Learning News in the News Capital

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WJC Student Navar Watson

WASHINGTON, D.C. -- You can start learning journalism in the classroom, but sophomore Navar Watson found there is nothing quite like honing your talents in the news laboratory of Washington, D.C.

Watson, Convergent Journalism major and sophomore at Indiana Wesleyan University (IWU), spent spring semester 2014 in the capital as a student at the Washington Journalism Center (WJC).

Spring 2014 WJC Students
Spring 2014 WJC Students

WJC includes a full 16 credits of coursework in news writing and reporting fundamentals, and includes approximately 20 hours a week at internships in D.C. news organizations that will give the students published writing assignments. After interviewing several places, Watson was offered a position at Catholic News Service, a worldwide organization that serves over 100 Catholic-focused newspapers and online publications.

Julie Asher, National Editor and Intern Coordinator, praised Watson’s writing abilities and interest in religion news that led to good story pitches. “We do interviews with them beforehand, knowing that each intern has about two or three options they can pick. And when we talk to a good one, like Navar, it’s kind of like, ‘oh…I hope he’ll pick CNS’,” Asher said.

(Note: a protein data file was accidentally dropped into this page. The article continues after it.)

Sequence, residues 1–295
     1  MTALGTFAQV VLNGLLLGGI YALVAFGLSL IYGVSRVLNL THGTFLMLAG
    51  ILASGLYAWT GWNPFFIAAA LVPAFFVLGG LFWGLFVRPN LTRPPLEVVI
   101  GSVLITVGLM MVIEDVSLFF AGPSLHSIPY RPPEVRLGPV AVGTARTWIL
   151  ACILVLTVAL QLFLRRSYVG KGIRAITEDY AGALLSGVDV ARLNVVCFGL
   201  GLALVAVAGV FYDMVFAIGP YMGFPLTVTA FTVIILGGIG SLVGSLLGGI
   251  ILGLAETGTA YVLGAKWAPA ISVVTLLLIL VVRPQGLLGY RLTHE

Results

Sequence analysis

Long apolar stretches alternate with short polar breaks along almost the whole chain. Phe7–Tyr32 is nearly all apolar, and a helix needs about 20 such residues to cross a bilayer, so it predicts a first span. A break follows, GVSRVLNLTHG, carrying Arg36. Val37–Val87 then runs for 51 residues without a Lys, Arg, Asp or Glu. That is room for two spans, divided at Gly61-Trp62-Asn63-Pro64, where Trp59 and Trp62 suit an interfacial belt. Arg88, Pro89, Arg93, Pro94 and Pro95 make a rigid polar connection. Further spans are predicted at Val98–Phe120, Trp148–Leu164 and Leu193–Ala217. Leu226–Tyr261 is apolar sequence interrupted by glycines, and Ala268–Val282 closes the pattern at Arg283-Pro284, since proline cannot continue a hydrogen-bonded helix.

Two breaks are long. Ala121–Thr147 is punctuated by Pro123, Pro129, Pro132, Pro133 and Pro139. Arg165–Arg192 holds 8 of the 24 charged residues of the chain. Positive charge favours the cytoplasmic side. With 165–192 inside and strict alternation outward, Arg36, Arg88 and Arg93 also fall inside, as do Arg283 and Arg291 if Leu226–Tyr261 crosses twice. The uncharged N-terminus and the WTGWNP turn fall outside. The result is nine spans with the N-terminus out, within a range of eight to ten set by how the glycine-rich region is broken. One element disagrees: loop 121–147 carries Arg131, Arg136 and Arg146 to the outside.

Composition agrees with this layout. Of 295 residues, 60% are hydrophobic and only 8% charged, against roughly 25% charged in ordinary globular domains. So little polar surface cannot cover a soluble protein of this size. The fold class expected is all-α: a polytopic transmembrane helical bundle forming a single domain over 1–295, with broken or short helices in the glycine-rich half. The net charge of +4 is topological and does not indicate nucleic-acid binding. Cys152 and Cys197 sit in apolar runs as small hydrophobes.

Watson’s daily assignments quickly dropped him into the busy life of a D.C. reporter, commuting to work on the subway, learning bus schedules and lots of walking. His Metro transit pass and many phone calls took him to stories he would never have experienced as a student journalist on campus. He traveled to Philadelphia to interview a Holocaust survivor who had a 25 year correspondence with Pope John Paul II.

The newsroom at Catholic News Service, Washington, D.C.
The newsroom at Catholic News Service, Washington, D.C.

In March, he spoke with three religious leaders – Catholic, Evangelical and Muslim – from the Central African Republic, meeting in D.C. to raise awareness and seek solutions for conflicts in their country. All three spoke French and Watson had to conduct his interviews through a translator. Once completed, one of the leaders told the translator he was “pleased to see a young American journalist ask such direct questions.”

Watson was surprised by the response. “I’ve always viewed myself as an indirect sort of person and therefore not a very good journalist,” he said in an email. “I suppose my time in D.C. has made a bigger impact on me than I thought.”

The experience will indeed shape Watson as he returns to IWU as a junior and co-editor of The Sojourn in fall 2014. Throughout the semester, his internship challenged him with real-world reporting assignments and his WJC classes developed his skills and exposed him to some of Washington’s brightest professionals.

Watson's daily commute.
Watson’s daily commute took him by the Basilica of the National Shrine of the Immaculate Conception and the Catholic University of America.

 “You have these wonderful leaders in the (WJC) program guiding you through the discussion of being a Christian and being a journalist…You get to hear from so many interesting people…coming in and doing guest lectures…their passion and their desire for news, to report and tell stories is inspiring no matter what field you go into.” Watson said.

Republished by permission of ComWire, a news source of the Indiana Wesleyan University Division of Communication & Theatre